Daclizumab is a humanized monoclonal antibody to CD25, the alpha subunit of the IL2 receptor on T lymphocytes, which was used in the past to treat and prevent acute cellular rejection after solid organ transplantation and is currently approved as a second line therapy of refactory relapsing multiple sclerosis. Daclizumab has been linked to occasional mild-to-moderate serum enzyme elevations during therapy, and to rare but potentially severe and fatal instances of immune mediated, clinically apparent liver injury.


Daclizumab (da kliz’ ue mab) is a humanized monoclonal immunoglobulin G1 antibody to the alpha subunit of the IL2 receptor (CD25). The IL2 receptor is found on T cells and its engagement results in activation and proliferation of T cells and generation of proinflammatory cytokines. Inhibition of the receptor by antibody results in prevention of activation and inhibition of T cell responses. Daclizumab has been shown to be effective in reducing in incidence of acute rejection after renal, liver, heart and lung transplantation. Daclizumab was approved for use in preventing acute rejection after renal transplantation in 1997 and was used largely as a part of induction regimens at and around the time of transplant. However, daclizumab was subsequently withdrawn by the sponsor in 2007 because of market factors rather than toxicity or lack of efficacy. Subsequently daclizumab was evaluated as therapy of several autoimmune conditions and was shown to decrease relapses in patients with refractory, relapsing multiple sclerosis. Daclizumab was reintroduced in 2016 with indications being second line therapy for refractory multiple sclerosis in 2016. Daclizumab is available in liquid solution in single use syringes or autoinjectors of 150 mg (150 mg/mL) under the brand name Zinbryta. The recommended dose is 150 mg subcutaneously once monthly. Side effects of daclizumab when used as therapy of multiple sclerosis can include infusion reactions, chills, fever, skin rash, fatigue, leukopenia and infections. Less common, but potentially severe adverse events include immune mediated disorders, severe infections, depression, suicidal ideation and hypersensitivity reactions including anaphylaxis.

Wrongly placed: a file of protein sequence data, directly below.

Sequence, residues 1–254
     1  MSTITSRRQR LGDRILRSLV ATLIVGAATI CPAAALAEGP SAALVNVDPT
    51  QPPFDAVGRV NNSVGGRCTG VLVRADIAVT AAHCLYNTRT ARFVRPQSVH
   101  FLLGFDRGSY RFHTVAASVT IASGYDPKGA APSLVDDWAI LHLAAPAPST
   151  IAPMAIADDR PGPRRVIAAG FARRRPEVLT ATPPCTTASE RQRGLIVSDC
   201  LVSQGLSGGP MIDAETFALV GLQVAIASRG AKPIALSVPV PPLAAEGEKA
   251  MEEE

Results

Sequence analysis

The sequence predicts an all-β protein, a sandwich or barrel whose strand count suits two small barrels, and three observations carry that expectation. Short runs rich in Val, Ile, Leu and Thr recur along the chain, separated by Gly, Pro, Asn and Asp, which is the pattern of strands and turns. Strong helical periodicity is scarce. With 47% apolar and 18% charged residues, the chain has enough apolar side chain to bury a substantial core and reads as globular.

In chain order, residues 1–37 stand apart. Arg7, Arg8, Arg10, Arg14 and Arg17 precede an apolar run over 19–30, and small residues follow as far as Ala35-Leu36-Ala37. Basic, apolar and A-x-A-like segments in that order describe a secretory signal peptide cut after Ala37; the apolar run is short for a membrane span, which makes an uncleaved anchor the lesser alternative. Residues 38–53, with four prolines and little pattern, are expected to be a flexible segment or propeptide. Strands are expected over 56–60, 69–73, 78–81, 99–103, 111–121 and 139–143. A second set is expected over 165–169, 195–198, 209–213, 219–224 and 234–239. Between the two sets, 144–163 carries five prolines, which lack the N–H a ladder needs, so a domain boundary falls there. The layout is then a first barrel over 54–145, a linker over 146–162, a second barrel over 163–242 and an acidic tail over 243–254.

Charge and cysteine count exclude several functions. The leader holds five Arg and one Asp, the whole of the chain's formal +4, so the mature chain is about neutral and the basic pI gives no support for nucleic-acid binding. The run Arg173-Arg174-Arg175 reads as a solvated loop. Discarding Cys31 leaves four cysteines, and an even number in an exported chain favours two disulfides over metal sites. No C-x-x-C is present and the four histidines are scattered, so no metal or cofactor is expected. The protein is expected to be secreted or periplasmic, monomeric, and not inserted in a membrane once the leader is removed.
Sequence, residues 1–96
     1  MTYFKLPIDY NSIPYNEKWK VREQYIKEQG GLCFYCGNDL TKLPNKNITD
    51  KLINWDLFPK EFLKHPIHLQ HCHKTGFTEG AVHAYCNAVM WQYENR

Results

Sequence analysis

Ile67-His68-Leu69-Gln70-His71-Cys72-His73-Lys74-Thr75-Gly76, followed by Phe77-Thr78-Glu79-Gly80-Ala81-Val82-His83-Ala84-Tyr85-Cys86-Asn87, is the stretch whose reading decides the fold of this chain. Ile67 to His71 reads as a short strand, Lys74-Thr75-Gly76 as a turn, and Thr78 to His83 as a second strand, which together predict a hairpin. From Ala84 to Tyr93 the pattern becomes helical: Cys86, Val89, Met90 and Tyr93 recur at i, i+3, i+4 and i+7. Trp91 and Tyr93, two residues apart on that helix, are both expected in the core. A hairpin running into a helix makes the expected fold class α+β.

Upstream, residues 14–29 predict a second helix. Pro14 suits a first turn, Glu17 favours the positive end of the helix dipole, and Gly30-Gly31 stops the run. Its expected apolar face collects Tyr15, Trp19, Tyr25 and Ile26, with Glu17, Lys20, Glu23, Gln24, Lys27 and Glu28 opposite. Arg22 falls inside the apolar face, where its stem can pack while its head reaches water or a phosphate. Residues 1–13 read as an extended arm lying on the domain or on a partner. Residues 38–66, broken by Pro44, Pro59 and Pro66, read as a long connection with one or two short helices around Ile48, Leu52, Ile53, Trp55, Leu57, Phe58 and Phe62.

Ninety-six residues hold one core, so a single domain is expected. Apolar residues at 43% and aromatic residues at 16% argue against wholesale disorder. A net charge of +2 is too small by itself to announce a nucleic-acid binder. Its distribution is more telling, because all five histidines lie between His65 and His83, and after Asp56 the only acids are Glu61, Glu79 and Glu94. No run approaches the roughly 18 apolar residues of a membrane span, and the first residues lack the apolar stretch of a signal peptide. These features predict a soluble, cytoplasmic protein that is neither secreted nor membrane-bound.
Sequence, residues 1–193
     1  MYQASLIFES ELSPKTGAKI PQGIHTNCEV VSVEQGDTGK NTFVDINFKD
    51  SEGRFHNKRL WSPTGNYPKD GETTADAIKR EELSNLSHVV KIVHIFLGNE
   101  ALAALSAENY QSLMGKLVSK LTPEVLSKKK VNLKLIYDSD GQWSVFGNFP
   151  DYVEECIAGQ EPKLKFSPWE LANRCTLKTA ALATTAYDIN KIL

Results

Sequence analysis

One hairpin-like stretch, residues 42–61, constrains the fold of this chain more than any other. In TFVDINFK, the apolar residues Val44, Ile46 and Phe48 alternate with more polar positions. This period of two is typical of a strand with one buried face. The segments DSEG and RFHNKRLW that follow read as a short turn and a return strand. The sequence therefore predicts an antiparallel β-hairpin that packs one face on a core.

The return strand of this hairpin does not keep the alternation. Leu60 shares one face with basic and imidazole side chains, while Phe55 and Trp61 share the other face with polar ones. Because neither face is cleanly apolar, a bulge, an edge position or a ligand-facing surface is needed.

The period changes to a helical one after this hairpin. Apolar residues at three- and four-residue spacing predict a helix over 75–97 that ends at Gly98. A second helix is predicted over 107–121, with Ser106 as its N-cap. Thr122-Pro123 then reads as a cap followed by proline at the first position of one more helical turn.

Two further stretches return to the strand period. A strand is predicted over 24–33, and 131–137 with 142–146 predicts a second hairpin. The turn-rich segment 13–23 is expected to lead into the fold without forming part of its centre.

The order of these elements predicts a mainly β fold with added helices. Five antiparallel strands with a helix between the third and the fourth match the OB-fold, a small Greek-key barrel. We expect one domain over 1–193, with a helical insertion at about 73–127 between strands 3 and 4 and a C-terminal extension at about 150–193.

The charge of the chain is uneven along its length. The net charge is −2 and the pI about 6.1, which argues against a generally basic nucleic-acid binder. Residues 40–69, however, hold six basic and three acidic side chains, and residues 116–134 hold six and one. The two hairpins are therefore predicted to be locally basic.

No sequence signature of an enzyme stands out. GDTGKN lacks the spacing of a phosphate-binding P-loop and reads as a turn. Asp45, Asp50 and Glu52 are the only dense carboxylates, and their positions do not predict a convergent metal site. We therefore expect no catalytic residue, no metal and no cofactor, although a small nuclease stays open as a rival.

When given as a part of induction therapy for solid organ transplantation, daclizumab was not linked to instances of serum enzyme elevations or clinically apparent liver injury. While adverse events at the time of organ transplantation are common, they were not found to be more frequent in patients receiving induction therapy with daclizumab than in those given conventional immunosuppressive regimens.